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Logan Fringe Arts Space: Upstairs

Remaining performances (tickets available here):

Thursday, July 16 at 9 p.m.
Saturday, July 18 at 2:30 p.m.
Tuesday, July 21 at 6:45 p.m.
Saturday, July 25 at 4:45 p.m.

They Say: A vibrant, steampunk reworking of a much-loved classic that puts us in Alice’s head where she is in a race against the clock to conquer her anxiety and take control of her thoughts before leaving childhood behind.

Colleen’s Take: If you’re going to Alice, you’re probably familiar with Lewis Carroll’s fantastical story. To recap, a young girl falls down a rabbit hole and aimlessly tries to find her way back home. Along the way, a White Rabbit tells her she’s late with little more detail, a Caterpillar blows smoke in her face, a Mad Hatter and his friends get her drunk off of tea, a cat taunts her, and two queens—one red, one white—add to her frenzy.

In Dodgeball Theatre’s rendition, directed by Haley Murphy, Alice’s Wonderland gets a 19th-century industrial steampunk twist. The play is set on a clock. Two metal tables sit in the middle of the circular stage, and are manually swiveled throughout in a constant reminder that young Alice (Lilly Kerrigan) is in a battle with time. Dim lights and a cacophony of music add to the anxious mood.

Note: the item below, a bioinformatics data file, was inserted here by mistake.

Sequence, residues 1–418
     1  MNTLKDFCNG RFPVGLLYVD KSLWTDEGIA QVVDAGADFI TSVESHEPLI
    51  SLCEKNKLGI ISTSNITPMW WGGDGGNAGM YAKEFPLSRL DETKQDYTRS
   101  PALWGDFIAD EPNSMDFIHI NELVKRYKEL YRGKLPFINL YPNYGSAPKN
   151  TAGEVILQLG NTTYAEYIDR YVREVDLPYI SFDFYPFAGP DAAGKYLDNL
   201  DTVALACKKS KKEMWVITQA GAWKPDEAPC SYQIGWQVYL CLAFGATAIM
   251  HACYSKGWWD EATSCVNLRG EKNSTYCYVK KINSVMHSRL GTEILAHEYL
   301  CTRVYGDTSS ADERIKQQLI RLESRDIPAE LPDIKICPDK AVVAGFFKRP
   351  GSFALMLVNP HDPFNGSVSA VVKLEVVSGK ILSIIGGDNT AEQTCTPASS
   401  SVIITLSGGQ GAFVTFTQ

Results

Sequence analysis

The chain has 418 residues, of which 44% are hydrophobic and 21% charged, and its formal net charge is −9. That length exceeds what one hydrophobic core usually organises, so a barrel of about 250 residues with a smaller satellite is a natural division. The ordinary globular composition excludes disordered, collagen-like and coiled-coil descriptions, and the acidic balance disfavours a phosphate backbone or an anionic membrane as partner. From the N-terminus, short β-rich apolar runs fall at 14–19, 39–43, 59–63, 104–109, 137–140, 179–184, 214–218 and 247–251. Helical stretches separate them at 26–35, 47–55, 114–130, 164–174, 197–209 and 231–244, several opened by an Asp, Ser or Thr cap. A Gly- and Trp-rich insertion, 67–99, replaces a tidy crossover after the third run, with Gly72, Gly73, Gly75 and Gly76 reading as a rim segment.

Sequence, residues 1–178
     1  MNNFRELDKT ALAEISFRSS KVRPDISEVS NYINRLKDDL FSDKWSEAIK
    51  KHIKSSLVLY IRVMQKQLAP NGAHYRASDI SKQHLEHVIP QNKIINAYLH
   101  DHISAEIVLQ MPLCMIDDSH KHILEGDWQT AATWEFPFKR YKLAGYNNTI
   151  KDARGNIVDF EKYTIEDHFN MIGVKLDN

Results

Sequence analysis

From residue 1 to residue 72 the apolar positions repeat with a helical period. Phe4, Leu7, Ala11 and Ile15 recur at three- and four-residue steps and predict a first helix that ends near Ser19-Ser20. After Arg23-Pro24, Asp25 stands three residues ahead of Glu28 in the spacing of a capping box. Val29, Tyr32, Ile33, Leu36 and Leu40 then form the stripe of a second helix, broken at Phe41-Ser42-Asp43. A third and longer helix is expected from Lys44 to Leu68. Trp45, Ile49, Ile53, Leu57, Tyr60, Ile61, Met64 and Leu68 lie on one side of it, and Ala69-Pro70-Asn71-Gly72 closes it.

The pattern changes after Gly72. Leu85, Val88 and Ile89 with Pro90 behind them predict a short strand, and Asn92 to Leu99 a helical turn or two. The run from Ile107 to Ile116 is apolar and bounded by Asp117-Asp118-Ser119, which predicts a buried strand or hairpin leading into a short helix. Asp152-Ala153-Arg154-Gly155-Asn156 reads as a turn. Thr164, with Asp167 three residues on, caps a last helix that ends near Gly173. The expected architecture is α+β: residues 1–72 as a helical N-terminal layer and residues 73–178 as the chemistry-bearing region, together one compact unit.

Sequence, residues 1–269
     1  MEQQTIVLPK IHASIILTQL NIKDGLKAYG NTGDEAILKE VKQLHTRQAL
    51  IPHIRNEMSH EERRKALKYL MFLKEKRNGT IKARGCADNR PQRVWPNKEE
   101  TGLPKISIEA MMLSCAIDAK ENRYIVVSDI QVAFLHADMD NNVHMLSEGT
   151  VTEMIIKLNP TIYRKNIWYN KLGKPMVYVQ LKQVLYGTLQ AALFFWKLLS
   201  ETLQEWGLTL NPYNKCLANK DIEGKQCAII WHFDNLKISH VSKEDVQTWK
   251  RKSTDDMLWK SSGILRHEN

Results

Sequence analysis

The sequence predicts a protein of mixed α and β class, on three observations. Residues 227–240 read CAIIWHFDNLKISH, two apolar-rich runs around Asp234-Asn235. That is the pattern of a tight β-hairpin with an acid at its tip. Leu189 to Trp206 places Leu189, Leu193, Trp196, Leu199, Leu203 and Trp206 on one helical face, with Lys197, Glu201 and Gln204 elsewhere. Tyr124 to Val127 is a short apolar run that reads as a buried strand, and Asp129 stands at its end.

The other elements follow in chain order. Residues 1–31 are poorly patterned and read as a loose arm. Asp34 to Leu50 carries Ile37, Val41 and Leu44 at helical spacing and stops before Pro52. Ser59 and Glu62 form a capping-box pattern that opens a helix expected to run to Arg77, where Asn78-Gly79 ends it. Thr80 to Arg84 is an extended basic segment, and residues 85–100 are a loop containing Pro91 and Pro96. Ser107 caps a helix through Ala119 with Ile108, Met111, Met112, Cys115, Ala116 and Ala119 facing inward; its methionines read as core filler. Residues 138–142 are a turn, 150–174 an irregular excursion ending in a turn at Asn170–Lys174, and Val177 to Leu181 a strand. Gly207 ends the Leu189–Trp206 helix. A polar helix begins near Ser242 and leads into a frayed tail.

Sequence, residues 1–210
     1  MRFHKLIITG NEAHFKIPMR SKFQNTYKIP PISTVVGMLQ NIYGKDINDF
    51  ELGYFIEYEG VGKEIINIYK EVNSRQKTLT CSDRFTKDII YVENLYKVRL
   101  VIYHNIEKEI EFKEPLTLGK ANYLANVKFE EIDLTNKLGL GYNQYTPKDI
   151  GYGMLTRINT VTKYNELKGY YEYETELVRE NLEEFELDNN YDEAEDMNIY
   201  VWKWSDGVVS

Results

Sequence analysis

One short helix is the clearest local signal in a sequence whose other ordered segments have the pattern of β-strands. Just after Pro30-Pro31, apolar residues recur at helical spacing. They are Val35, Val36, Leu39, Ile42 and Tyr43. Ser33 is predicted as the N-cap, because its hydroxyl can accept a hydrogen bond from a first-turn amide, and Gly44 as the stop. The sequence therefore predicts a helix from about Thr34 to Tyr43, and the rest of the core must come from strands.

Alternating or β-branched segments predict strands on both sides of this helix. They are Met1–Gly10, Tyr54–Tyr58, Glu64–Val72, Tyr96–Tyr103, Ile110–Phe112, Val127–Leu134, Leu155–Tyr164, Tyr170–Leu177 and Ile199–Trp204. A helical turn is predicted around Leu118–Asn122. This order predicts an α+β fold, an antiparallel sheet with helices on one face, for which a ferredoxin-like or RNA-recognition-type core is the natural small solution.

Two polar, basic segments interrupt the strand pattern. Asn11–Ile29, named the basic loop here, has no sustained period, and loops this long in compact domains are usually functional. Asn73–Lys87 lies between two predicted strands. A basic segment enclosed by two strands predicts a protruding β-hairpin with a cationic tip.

The six-person cast changes characters with the use of props. Watch out for the transformation of the White Rabbit (Sarah Cuzenza) who swaps ears for massive Aviator sunglasses and what looks like a vape pen, and returns to the stage as the Caterpillar. Alice remains unchanged in appearance from start to finish. She wears a white dress with no heavy eye-liner, no corset, and no stovepipe hat in sight. Her naïvety and innocence are in stark juxtaposition to the whimsical and sometimes dark world she’s stumbled upon.

Yes, there are a few dance sequences in Alice, with the most notable occurring during the infamous Tea Party scene. It’s steeped in robotic movements and panicked tea pourings that leave the Dormouse (Amanda Quain) drunkest of them all.

Intermittently throughout the play, characters break to recite from Carroll’s book and narrate Alice’s emotions. It’s a clever a nod to the classic.

See it if: You’ve always wondered why a raven is like a writing desk.

Skip it if: You never really cared.

Image courtesy of Dodgeball Theatre